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John chapter 4

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What does John chapter 4 mean?

The gospel of John frequently uses contrast as a teaching tool. In chapter 2, there is a distinction between the joyous, secretive miracle at the wedding (John 2:6–10) and the public, dramatic cleansing of the temple (John 2:13–16). Chapter 3 presents another contrast. This passage moves from the loud, public, confrontational temple incident to a quiet, private, instructional conversation with Nicodemus (John 3:1–2).

Chapter 4 once again presents meaningful contrasts. Nicodemus was a man of power and prestige, well educated, and one who sought out Jesus of his own free will. The Samaritan woman mentioned here is poor, outcast even among the outcast Samaritans, and not expecting to meet the Lord at all. Nicodemus needed to be reminded that his knowledge was incomplete (John 3:9–10). The Samaritan woman needed to be confronted with her sin (John 4:17–18), but also encouraged and given value (John 4:23). These contrasts help demonstrate how the gospel of Jesus Christ is not only for all people, in all times, but that it will reach each person wherever they are, spiritually speaking.

The first major portion of the chapter is Jesus' conversation with the Samaritan woman. Their back-and-forth banter reveals Christ's mastery of personal evangelism. This passage is also an excellent example of the principle of ipsissima vox, or "the very voice" of Scripture. Almost certainly, this conversation involved more words and more time than are recorded here. Rather than a verbatim transcript, John reports the substance of the conversation, probably as related to him by Jesus at some later time. As part of that discussion, Jesus reveals that He knows very personal details about the woman's life (John 4:1–16).

Christ's remark about the woman's troubling lifestyle might seem blunt. The woman immediately tries to change the subject. She is confident and clever, but Jesus knows exactly what she needs to understand. The Savior knows what she has done, and who she is, and seeks her anyway. To worship "in spirit and truth" is the role of a true believer. That Christ seeks all people, despite our former sins or our current circumstances, and wants to make us sincere disciples is the great message of His conversation at the well (John 4:17–26).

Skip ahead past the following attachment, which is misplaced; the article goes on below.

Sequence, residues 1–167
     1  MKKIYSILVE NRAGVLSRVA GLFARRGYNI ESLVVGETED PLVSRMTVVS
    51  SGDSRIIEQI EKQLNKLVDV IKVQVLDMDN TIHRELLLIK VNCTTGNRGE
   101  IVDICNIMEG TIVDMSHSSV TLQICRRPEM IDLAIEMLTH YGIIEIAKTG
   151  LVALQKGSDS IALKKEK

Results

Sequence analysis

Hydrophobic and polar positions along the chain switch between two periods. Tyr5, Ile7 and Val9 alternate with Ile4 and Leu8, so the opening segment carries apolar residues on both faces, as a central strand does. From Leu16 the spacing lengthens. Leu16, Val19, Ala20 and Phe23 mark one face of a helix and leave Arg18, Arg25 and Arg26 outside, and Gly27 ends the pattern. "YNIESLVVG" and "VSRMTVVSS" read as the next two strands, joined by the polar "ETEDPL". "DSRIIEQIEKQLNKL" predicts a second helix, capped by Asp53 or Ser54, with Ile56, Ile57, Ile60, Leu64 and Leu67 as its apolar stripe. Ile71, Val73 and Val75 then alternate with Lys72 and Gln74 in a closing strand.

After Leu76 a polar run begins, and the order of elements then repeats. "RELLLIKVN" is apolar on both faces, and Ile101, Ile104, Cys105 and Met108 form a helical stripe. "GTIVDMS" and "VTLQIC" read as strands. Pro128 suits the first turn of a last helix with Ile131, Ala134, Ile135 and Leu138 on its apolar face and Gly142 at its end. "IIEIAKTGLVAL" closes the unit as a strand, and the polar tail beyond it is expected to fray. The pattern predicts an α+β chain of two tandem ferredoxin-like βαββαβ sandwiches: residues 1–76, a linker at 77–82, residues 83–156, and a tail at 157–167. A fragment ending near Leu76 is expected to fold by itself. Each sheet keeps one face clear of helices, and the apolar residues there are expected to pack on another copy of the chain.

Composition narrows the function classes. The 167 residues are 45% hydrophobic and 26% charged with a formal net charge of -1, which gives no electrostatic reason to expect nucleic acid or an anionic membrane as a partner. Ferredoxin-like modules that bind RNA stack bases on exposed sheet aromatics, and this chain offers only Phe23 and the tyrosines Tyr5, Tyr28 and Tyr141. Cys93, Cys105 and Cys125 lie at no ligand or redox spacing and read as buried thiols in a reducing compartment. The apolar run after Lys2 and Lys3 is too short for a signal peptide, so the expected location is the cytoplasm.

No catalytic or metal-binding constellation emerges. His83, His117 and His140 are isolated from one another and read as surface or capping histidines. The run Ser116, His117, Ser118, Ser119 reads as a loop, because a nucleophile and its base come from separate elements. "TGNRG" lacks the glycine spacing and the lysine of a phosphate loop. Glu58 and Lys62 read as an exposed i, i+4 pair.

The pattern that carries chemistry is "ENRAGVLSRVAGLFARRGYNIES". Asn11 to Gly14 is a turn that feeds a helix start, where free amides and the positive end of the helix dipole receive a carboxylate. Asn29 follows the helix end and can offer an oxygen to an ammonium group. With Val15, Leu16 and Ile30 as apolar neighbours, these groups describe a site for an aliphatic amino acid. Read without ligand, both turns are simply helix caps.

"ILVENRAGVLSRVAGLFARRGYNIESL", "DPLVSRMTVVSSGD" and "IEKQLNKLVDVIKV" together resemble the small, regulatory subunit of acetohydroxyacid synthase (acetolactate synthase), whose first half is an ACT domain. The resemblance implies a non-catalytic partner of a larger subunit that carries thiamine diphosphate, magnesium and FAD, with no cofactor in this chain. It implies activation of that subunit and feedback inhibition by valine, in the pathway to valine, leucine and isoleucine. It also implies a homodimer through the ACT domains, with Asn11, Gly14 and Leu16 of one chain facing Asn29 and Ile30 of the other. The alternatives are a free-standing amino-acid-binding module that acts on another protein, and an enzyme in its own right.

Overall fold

When the woman goes into town, Jesus tries to get His disciples to understand the purpose of their mission. This hinges on the idea of reaping and sowing: a process of creating more true believers in Christ. In many cases, one person will lay the early foundations, and a later person will be there to follow through to conclusion. As Jesus is speaking, He apparently sees the people from Sychar coming in a large group. This might have led to a moment of embarrassment. The disciples of Christ went into town as a group and brought no one back to meet the Lord. Yet a single, untrained, outcast, female Samaritan not only told others, but she also brought them to see Jesus face-to-face (John 4:27–38).

This chapter presents a very practical foreshadowing of a command given by Jesus elsewhere in the Scriptures. At this point, Jesus has traveled from Jerusalem (John 2—3), through Judea and into Samaria (John 4). The Samaritans respond to Jesus by proclaiming Him "the Savior of the world." At His ascension, Jesus will declare His disciples to be His witnesses "in Jerusalem and in all Judea and Samaria, and to the end of the earth" (Acts 1:8). Just as He had done, He called His followers to do (John 4:39–45).

Chapter 4 also includes the second of seven "signs" recorded in the gospel of John (John 4:54). Part of the lesson in Christ's healing of this official's son is the difference between belief based on miracles and belief rooted in trusting faith. Jesus essentially forces the man to demonstrate actual trust, which is validated soon afterward. While this miracle is more open than that at the wedding, it is still relatively quiet. Later miracles will become more public, more spectacular, and invite more hostility from the local religious leaders (John 4:46–54).
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